Complete show on YouTube. In case you were wondering what the fuss was about.

Complete show on YouTube. In case you were wondering what the fuss was about.

One interesting feature of the heuristics of Garton, Park, Poonen, Wood, Voight, discussed here previously: they predict there are fewer elliptic curves of rank 3 than there are of rank 2. Is this what we believe? On one hand, you might believe that having three independent points should be “harder” than having only two. But there’s the parity issue. All right-thinking people believe that there are equally many rank 0 and rank 1 elliptic curves, because 100% of curves with even parity have rank 0, and 100% of curves with odd parity have rank 1. If a curve has even parity, all that has to happen to force it to have rank 2 is to have a non-torsion point. And if a curve has odd parity, all that has to happen to force it to have rank 3 is to have one more non-torsion point you don’t know about it. So in that sense, it seems “equally hard” to have rank 2 or rank 3, given that parity should be even half the time and odd half the time.

So my intuition about this question is very weak. What’s yours? Should rank 3 be less common than rank 2? The same? *More* common?

For some reason I was thinking about pieces of culture that have departed from the world but which somehow didn’t “stick” well enough to persist even in the sphere of nostalgia. Like when people think about the early 1990s, the years when I was in college, they might well say “oh yeah, grunge” or “oh yeah, wearing used gas station T-shirts with a name stitched on” or “oh yeah, *Twin Peaks*” or “oh yeah, OK Soda” or whatever.

But no one says “oh yeah, Fido Dido.” So here I am doing it.

It is inherently hard to try to list things you’ve forgotten about. My list right now consists of

- Fido Dido
- Saying “bite me”
- Smartfood
- Devil sticks (from Jason Starr)

That’s it. What have you got?

It reminds me of Martin Amis’s *The Information*, in that it is a really well-made thing, but one which I think probably *shouldn’t* have been made, and which I’m probably sorry I read, because it’s sick in its heart.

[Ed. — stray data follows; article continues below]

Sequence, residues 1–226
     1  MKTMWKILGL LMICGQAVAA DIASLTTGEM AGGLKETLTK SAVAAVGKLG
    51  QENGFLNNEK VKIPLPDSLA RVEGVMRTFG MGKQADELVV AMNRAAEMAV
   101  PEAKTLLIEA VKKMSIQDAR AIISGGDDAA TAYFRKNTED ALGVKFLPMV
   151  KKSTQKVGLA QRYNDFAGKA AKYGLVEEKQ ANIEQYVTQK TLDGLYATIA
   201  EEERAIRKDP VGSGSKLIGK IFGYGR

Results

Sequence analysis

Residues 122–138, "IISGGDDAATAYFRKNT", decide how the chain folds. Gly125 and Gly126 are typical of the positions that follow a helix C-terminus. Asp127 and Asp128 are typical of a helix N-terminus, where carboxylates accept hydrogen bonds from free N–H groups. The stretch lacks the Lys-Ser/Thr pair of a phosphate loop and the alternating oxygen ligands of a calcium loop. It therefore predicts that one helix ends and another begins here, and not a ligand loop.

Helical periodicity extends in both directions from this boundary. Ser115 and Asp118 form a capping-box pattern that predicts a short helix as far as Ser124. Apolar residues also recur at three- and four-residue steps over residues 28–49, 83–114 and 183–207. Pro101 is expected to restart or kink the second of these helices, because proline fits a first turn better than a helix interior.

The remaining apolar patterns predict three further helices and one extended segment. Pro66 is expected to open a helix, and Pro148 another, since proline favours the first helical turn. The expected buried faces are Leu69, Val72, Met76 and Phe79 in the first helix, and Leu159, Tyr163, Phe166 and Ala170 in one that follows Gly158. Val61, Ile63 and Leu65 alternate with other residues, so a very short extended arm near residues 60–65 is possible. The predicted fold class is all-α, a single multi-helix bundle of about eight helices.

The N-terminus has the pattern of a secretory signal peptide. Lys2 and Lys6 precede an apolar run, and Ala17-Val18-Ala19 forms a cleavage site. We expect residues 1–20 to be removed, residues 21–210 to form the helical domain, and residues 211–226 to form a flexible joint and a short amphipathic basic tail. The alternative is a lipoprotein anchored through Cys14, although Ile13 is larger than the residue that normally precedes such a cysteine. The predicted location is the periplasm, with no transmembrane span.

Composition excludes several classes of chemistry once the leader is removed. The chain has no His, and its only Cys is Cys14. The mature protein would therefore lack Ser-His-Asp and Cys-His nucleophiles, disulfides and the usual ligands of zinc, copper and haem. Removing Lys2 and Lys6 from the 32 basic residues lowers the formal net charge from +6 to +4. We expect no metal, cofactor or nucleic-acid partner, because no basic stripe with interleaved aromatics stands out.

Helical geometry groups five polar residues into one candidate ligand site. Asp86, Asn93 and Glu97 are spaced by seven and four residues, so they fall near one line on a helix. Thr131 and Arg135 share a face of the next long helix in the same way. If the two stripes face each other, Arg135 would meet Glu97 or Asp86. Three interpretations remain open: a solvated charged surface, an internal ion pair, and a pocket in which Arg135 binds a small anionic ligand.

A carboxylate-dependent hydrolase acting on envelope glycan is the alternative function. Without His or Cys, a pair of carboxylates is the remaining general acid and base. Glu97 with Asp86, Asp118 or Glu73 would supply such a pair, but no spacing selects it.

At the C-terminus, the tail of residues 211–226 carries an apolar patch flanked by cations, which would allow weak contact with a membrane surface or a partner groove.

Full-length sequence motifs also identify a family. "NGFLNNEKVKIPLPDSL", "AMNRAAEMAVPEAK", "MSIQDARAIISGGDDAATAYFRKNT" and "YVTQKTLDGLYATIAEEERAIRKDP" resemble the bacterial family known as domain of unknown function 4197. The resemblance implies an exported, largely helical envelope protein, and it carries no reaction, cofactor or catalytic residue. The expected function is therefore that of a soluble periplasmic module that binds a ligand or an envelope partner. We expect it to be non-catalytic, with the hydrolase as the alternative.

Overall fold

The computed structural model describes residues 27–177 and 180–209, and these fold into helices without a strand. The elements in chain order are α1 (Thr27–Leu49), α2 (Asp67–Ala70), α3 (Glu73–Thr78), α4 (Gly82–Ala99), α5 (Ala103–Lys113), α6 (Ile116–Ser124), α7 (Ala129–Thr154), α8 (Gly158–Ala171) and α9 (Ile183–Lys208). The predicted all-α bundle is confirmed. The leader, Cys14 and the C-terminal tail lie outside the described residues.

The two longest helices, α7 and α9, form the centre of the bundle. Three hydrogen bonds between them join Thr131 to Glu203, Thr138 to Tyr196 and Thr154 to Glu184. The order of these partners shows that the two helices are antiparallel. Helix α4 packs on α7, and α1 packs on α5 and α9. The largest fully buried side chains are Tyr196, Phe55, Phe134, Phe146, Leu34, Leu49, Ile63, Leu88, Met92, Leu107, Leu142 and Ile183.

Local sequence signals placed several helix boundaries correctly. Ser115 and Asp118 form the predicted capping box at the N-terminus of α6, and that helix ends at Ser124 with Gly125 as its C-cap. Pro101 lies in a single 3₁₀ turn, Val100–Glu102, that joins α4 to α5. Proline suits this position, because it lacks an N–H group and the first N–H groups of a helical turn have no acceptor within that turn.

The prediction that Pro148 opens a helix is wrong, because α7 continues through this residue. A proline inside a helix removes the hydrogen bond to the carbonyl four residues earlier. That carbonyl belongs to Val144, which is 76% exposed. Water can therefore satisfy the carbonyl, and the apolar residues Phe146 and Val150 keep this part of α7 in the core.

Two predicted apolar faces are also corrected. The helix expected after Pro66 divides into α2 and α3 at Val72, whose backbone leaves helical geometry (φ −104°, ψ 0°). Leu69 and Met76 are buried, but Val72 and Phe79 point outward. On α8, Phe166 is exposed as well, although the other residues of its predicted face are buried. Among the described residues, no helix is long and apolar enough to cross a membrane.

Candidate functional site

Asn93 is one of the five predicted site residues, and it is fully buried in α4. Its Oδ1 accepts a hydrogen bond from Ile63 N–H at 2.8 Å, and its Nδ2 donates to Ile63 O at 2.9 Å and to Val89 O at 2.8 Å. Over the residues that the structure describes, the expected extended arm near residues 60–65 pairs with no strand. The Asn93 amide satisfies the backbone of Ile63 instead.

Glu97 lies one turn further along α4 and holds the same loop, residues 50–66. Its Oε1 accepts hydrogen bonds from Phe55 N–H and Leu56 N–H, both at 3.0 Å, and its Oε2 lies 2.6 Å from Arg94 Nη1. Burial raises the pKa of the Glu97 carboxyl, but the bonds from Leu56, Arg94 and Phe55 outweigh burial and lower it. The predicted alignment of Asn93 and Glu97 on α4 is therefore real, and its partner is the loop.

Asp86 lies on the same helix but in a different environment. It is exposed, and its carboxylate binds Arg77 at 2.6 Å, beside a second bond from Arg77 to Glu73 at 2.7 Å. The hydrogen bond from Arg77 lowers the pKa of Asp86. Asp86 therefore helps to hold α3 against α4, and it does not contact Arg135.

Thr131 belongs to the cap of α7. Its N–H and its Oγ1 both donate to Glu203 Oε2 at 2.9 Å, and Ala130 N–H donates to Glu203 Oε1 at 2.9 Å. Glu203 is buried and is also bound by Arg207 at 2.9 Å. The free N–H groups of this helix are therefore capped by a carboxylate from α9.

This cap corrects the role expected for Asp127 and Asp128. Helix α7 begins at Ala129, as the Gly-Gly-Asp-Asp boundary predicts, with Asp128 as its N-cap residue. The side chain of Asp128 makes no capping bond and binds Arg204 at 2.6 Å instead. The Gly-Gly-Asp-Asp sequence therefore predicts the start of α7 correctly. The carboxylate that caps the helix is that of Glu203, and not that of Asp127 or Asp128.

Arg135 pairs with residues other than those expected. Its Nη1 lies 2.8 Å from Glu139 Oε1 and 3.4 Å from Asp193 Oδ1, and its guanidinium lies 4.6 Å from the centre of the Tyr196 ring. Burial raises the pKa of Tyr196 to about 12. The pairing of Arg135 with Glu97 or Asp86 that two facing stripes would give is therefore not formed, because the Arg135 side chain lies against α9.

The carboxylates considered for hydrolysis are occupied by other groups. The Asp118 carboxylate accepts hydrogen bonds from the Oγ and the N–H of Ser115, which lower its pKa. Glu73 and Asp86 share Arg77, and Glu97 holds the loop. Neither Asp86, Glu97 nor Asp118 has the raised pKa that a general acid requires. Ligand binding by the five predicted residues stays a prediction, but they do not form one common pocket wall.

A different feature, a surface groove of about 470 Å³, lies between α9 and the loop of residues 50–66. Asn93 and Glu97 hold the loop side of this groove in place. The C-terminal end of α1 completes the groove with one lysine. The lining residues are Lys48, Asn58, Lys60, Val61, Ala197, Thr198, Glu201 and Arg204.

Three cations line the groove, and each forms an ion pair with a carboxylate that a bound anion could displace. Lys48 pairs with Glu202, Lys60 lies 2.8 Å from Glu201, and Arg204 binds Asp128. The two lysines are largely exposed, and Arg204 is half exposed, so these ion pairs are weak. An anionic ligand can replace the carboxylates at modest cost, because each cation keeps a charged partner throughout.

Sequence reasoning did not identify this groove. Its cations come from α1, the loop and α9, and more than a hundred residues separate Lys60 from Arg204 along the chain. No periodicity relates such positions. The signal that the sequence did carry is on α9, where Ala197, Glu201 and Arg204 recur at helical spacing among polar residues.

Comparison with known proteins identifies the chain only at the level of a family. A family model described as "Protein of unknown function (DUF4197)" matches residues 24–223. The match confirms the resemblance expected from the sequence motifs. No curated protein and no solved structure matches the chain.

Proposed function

Everything else I can say is a spoiler so I’ll put it below a tab.

**Important update, 23 Jul:** I missed one very important thing about Bjorn’s talk: it was about joint work with a bunch of other people, including one of my own former Ph.D. students, whom I left out of the original post! Serious apologies. I have modified the post to include everyone and make it clear that Bjorn was talking about a multiperson project. There are also some inaccuracies in my second-hand description of the mathematics, which I will probably deal with by writing a new post later rather than fixing this one.

I was only able to get to two days of the arithmetic statistics workshop in Montreal, but it was really enjoyable! And a pleasure to see that so many strong students are interested in working on this family of problems.

I arrived to late to hear Bjorn Poonen’s talk, where he made kind of a splash talking about joint work by Derek Garton, Jennifer Park, John Voight, Melanie Matchett Wood, and himself, offering some heuristic evidence that the Mordell-Weil ranks of elliptic curves over Q are bounded above. I remember Andrew Granville suggesting eight or nine years ago that this might be the case. At the time, it was an idea so far from conventional wisdom that it came across as a bit cheeky! (Or maybe that’s just because Andrew often comes across as a bit cheeky…)

Why did we think there were elliptic curves of arbitrarily large rank over Q? I suppose because we knew of no reason there shouldn’t be. Is that a good reason? It might be instructive to compare with the question of bounds for rational points on genus 2 curves. We know by Faltings that |X(Q)| is finite for any genus 2 curve X, just as we know by Mordell-Weil that the rank of E(Q) is finite for any elliptic curve E. But is there some absolute upper bound for |X(Q)|? When I was in grad school, Lucia Caporaso, Joe Harris, and Barry Mazur proved a remarkable theorem: that if Lang’s conjecture were true, there was some constant B such that |X(Q)| was at most B for every genus 2 curve X. (And the same for any value of 2…)